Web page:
The first cranial nerve for you to understand is that of the olfactory nerve. It conveys just one functional component.
That is special afferent nerve impulses. This is going to be for olfaction. The sensory cells for olfaction
are in the olfactory mucosa. You can see those identified in the illustration right in through this area.
This next slide allows you to zoom in and to gain a better appreciation for this special afferent functional component
that’s associated with the olfactory nerve. At a higher view or higher magnification, you can better see the
olfactory or sensory cells in the olfactory mucosa. Their axons will extend through the foramina in the cribriform plate
as we see here. Then they’re going to synapse within the olfactory bulb region. Then, neurons from the
olfactory bulb will travel in the olfactory tract toward the olfactory cortex as well as the amygdala.
The amygdala is a very important structure in connecting an emotional response to olfaction or smell.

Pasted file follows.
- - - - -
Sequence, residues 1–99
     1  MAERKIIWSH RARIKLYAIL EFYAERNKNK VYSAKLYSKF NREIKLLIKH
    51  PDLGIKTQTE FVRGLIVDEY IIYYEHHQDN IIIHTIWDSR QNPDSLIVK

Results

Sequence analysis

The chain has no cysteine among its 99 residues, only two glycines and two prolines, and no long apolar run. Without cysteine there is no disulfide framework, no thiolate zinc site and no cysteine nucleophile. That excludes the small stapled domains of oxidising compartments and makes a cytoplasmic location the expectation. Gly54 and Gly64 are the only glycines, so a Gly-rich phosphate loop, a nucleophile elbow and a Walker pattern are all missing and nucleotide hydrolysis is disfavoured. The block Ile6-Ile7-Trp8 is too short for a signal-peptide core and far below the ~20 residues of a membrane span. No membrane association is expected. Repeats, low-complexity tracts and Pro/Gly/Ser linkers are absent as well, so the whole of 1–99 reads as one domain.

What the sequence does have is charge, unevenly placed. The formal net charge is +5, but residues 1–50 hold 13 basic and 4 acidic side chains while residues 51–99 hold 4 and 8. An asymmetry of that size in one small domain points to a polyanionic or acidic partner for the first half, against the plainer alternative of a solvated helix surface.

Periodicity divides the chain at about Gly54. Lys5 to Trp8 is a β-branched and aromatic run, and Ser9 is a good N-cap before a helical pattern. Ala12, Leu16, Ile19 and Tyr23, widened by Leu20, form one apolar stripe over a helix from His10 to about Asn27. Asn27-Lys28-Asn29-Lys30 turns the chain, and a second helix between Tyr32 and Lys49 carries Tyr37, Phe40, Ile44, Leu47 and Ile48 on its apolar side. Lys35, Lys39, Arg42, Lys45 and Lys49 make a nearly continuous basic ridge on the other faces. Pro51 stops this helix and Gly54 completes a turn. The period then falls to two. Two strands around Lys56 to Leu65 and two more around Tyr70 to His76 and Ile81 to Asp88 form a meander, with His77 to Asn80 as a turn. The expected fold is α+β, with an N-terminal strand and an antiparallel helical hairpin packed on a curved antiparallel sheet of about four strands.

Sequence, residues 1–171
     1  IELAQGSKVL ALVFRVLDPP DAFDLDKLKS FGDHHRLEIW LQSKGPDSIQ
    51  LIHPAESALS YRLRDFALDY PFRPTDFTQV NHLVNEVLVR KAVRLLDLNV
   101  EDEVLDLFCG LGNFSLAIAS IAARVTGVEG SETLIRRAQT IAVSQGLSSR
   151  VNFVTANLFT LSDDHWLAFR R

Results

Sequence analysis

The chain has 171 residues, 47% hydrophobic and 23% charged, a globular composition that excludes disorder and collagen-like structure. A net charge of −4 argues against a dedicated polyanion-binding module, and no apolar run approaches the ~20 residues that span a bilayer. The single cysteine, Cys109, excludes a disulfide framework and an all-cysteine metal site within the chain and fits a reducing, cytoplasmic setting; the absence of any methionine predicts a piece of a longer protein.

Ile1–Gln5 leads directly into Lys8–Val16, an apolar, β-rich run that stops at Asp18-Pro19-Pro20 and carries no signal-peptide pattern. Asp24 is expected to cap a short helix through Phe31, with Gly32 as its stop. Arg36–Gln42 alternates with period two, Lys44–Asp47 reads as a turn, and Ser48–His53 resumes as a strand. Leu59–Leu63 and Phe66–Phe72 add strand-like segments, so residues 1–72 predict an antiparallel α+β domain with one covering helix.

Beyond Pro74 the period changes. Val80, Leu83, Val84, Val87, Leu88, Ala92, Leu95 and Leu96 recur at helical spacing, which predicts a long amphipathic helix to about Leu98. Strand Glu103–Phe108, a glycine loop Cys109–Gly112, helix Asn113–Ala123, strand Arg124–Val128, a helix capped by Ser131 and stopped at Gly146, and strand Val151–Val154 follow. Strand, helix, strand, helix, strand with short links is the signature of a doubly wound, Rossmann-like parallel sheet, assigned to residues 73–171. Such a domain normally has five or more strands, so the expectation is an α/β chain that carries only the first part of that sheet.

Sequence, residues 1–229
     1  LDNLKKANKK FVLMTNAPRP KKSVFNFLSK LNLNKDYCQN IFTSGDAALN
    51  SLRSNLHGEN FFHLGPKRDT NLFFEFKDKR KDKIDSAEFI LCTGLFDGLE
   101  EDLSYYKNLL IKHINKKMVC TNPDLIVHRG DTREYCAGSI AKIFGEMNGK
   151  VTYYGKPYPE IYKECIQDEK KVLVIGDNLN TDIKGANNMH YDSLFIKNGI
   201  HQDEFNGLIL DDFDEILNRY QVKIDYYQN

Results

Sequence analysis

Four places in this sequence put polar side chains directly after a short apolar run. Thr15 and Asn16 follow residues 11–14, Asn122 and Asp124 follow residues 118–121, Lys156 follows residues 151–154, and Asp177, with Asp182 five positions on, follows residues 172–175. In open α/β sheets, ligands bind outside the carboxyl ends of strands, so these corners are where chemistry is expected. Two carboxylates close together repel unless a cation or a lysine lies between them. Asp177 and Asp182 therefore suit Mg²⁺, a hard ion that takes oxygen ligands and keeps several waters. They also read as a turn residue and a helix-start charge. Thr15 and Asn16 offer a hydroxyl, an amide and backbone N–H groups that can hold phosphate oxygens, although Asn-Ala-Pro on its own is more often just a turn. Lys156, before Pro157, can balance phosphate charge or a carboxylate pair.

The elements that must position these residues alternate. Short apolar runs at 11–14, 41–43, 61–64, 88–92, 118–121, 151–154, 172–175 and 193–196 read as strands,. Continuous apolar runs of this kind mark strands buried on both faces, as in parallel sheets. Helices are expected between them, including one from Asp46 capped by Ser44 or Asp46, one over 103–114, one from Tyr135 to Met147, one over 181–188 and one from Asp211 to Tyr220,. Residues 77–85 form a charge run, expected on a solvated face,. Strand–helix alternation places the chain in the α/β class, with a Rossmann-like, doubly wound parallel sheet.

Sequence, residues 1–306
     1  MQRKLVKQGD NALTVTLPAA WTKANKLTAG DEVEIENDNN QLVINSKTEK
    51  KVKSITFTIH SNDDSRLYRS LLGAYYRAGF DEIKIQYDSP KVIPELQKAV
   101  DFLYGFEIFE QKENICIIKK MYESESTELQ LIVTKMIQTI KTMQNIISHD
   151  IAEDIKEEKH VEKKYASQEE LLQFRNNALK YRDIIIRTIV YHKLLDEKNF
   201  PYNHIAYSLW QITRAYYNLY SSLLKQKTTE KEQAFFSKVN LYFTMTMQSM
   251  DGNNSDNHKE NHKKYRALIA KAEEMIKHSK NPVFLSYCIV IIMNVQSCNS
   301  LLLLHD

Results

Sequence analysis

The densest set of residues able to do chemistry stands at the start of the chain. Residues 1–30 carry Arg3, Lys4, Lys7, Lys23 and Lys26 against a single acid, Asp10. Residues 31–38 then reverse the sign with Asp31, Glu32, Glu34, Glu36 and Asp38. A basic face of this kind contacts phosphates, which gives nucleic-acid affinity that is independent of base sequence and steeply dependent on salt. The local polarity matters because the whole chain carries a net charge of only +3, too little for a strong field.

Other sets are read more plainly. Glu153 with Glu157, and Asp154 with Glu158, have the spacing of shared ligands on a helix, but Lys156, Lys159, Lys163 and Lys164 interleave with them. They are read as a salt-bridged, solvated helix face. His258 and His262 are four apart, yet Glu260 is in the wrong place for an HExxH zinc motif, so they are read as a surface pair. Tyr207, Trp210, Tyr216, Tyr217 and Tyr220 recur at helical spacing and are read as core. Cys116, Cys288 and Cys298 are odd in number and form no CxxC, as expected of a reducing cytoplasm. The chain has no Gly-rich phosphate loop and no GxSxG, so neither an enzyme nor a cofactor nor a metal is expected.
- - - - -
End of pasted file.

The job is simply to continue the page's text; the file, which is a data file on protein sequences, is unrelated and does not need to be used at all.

A clinical consideration with respect to olfactory nerve I, if there’s damage to this pathway,
the individual could have impairment or even a loss of smell and this is termed anosmia.
Some clinical considerations that may lead to an impairment of smell are as follows. Infection of the sinuses, sinusitis.
Hay fever can impair our sense of smell. Influenza, a viral infection, can as well. Common colds interfere
with our sense of smell. Obstructions of the nasal passages, perhaps polyps or tumors developing.
There are some additional causes that may also lead to impairment of smell.